Vander Caballero’s Papo & Yo is a semi-autobiographical game about boyhood wish fulfillment – the hope that a favourite toy might spring to life to become a constant companion, the dream that houses could be picked up, moved and rearranged with a flick of the wrist, the prayer that the violence could be squeezed from an abusive father.

It’s a deeply personal game, a creation explicitly designed as a therapeutic revisiting of the feelings of loneliness, confusion and desperation Caballero experienced as a child, a story into which we players are invited.

It’s barely an allegory. Your companion throughout the game, a lumbering ugly giant, docile when eating coconuts, enraged when licking frogs – is gently framed as your father figure early in the game while, for those who make it through the distress to the tragic, affecting ending, the comparison is made explicit. It’s a game about journey – a child trying to navigate a cruel and unyielding environment, all the while trying to save his father from the monster inside, a partnership that, by the end of the game, reveals itself to be inseparable.

It’s also far from a perfect game. The puzzles are often arbitrary to the meaning in all but the most general sense, but there is a unique type of empathy engendered through the examination of this kind of topic through game rather than film. When the monster swipes at you in a rage, knocking you into the air and keeping you from your immediate task you share the frustration of the young child at some base level. You learn to fear the monster’s rages in the game – their violence appears so unnecessary, unprovoked. Likewise, you grow mildly affectionate towards the monster in his docile state – an emotion that only serves to make your fear and sadness at his drinking tempers all the more fervent.

At times the message is clunky, heavy-handed; caught in a strange place between allegory and documentary. And yet Papo & Yo remains one of the most affecting games I’ve played this year –standing almost alone in a class of commercial video game that is about something other than raw puzzle, or a quest for dominance and supremacy.

Earlier this year I had the opportunity to speak to Jade Raymond, head of Ubisoft Toronto. She said: “It’s time for our industry to grow up. Why is it that so many topics that are dealt with in other media are off limits or taboo in video games? Why can’t we deal with the things that matter? I can think of so many examples of topics that could be interesting, issues that could be addressed in games or that could be integrated into existing big IP if we don’t want to make them the centre of the experience. It’s our responsibility; doubly so for people like me who can make a difference, or push for something getting funded.”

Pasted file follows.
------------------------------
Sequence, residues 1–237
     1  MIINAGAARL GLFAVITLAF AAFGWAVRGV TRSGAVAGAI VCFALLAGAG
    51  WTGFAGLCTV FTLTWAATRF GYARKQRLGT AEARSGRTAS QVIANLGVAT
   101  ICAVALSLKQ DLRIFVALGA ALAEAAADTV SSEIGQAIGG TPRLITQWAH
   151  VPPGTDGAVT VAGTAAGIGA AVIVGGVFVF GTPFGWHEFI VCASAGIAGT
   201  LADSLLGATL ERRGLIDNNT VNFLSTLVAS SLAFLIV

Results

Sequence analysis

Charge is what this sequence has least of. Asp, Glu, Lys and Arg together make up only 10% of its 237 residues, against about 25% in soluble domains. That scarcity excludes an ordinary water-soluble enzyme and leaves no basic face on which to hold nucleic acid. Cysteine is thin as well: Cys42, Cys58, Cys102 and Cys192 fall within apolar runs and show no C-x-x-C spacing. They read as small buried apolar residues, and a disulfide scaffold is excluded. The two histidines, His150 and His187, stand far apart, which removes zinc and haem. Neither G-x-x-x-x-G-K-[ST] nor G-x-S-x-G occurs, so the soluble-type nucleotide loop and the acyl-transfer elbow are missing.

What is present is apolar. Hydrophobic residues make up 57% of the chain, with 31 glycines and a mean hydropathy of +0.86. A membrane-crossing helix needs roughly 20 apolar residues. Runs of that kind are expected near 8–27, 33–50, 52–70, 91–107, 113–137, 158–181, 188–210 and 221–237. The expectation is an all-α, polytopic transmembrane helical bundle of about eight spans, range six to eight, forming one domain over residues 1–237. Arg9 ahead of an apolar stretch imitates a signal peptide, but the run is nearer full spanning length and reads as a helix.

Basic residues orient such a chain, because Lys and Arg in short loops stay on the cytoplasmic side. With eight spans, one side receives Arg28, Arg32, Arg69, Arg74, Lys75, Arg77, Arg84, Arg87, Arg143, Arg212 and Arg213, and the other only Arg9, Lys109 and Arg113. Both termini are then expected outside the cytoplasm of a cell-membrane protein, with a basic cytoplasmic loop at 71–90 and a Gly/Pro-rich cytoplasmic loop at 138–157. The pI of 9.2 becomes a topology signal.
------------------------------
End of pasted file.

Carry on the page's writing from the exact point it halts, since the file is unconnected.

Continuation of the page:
“We tend to think young people just want explosions. But I don’t think it’s true. Perhaps even less so than when we were children. I believe we are underestimating our audience by creating he same experience over and over again. We think that this is what they like but I think we are deeply mistaken. More and more people come to me at Ubisoft and say: ‘I love games. I came into this industry with so many ideas. But I can’t continue to make shooters over and over again. I’m not even in line with the messages.’ I have that meeting a lot these days.”

Empty words? It’s interesting to note that, prior to creating Papo & Yo, Caballero’s greatest gift to the medium to date was the fit bump mechanic in Army of Two. He left EA to found Minority Media in order to make games without guns, games with meaning.

We are a long way from a tipping point toward the kind of meaningful blockbuster games Raymond’s staff yearn for. A cursory glance at the E3 slate from this year makes that only too clear. Likewise, other than Fez, I struggle to think of a single game on PSN or XBLA featuring a human protagonist that doesn’t also feature combat in some guise or another.

But as the men and women working in games – and those of us who buy them – grow older, start families, assume new responsibilities and different worldviews, there’s a growing hunger for games that explore new themes, ideas and messages. I cannot be the only one tired of looking at the world down the barrel of a virtual gun.

If you’re interested, you can read my more in-depth view of Papo & Yo over at Eurogamer here.